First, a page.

The Aramean (Syriac) People

lahmobtanuro2In the early centuries of the Christian era, the Syriac Christians were disconnected as a population first along geopolitical demarcations and soon after along religious boundaries as well. The Syriacs that resided in the Roman (later Byzantine) Empire were termed ‘West-Syriacs’, whereas their congeners who lived under Parthian (later Sassanid) hegemony were dubbed ‘East-Syriacs’.

This traditional distinction, albeit roughly, between ‘Easterners’ and ‘Westerners’ has remained until the present day. Accordingly, the Syriac people can be classified as follows:2

  • West-Syriacs: Syriac-Orthodox and Syriac-Catholics, Melkites and Maronites.
  • East-Syriacs: ‘Nestorians’ (or ‘Assyrians’)3 and Chaldeans.

The rich history of the heirs of the ancient Aramaic heritage has superbly been portrayed by Prof. Sebastian P. Brock (Professor Emeritus at Oxford University) et al. in The Hidden Pearl. This highly recommendable project follows the distant past of the Aramaic churches until the year 2001.

Theodor Nöldeke, one of the greatest Orientalists ever, commenced his illustrious Syriac Grammar from 1880 with these words: “From the time the Greeks came to have a more intimate acquaintance with Asia, they designated by the name of ‘Syrians’ the people who called themselves ‘Aramaeans’.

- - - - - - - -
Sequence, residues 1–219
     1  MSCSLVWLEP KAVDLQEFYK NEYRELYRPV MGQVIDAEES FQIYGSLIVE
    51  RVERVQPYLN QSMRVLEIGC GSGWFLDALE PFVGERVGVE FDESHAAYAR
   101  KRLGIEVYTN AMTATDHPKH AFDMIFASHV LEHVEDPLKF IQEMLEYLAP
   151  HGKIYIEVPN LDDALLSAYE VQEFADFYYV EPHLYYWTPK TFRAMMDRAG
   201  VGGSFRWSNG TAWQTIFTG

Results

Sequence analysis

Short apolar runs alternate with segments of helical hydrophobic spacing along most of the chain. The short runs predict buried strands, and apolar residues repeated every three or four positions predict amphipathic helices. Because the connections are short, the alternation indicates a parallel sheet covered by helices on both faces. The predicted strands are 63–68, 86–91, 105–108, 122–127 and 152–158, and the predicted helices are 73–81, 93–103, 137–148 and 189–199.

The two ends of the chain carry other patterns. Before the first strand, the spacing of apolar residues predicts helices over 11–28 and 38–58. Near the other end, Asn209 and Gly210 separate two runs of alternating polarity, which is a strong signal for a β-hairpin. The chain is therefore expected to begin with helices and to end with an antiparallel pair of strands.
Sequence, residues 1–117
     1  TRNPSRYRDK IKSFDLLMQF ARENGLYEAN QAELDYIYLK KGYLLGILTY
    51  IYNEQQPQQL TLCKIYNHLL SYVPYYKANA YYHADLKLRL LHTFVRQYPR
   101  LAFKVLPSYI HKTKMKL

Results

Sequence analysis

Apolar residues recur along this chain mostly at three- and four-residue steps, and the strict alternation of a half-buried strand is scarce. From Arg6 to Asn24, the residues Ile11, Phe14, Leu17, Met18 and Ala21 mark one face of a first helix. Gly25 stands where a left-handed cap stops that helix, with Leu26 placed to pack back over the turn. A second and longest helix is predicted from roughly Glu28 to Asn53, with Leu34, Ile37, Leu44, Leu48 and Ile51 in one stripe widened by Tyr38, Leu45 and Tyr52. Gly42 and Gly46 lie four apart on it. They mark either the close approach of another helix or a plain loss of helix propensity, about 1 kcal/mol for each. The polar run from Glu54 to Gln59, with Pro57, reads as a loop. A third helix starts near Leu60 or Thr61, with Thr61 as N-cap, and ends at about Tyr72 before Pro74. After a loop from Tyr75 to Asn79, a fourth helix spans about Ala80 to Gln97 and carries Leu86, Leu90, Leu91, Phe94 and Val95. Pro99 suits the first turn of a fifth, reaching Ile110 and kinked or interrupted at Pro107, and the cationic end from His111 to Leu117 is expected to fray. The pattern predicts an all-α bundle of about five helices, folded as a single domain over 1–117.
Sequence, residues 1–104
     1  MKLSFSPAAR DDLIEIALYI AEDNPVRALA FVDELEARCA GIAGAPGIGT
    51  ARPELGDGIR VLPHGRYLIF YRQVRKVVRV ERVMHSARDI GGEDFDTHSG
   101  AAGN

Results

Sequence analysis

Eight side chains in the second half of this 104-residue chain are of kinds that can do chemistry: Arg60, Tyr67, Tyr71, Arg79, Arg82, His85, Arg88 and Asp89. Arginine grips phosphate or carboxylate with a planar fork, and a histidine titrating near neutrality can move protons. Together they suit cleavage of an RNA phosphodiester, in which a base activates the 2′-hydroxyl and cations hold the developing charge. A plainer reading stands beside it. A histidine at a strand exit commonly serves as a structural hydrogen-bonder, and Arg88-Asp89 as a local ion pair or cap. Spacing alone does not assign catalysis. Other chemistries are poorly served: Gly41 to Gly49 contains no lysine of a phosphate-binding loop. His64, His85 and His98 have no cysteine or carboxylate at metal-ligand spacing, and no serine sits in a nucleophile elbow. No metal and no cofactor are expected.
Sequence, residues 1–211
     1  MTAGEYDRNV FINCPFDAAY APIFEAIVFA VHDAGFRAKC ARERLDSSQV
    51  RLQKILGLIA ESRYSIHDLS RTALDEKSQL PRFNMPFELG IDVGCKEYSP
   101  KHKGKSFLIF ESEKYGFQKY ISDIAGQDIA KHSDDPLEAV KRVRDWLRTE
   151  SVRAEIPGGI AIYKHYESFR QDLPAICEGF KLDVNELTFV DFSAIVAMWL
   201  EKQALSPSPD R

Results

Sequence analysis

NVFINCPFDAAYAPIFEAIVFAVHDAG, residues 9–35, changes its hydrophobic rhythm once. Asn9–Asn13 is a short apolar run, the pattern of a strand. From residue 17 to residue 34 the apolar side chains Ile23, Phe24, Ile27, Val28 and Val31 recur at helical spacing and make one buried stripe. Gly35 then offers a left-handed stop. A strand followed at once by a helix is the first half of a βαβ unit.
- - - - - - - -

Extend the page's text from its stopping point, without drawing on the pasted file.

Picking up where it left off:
The first-century historian Flavius Josephus, for example, confirms that “Aram,” the son of Sem, the son of the Biblical Noah (Genesis 10:22), “had the Arameans, whom the Greeks called Syrians.”

madraseIn fact, there are numerous references in the early works of eminent Syriac writers, from both traditions, who explicitly affirmed their ancient Aramean ancestry.6 We can illustrate this by means of two quotations taken at random from the wealthy Syriac/Aramaic literary corpus.

  • West-Syriac: Michael, a 12th century Syriac-Orthodox Patriarch (d. 1199 A.D.), wrote in his voluminous Chronicle about “the kingdoms which have been established in Antiquity by our race, (that of) the Aramaeans [Oromoye], namely the descendants of Aram, who were called Syrians [Suryoye].”
  • East-Syriac: The lexicographer Bar Bahlul from Baghdad (fl. 963 A.D.) recorded in his lexicon under the lemma ‘Syria’ that “the Syriacs [Suryoye] were formerly called Arameans [Oromoye].”8 

Regarding the right name, Prof. Nöldeke9 appealed already in 1871 that, from an academic point of view, the only (!) proper name for the Syriac people and their language is ‘Aramean’ and ‘Aramaic.’ This fact can be corroborated by virtually all modern students of Syriac/Aramaic Studies.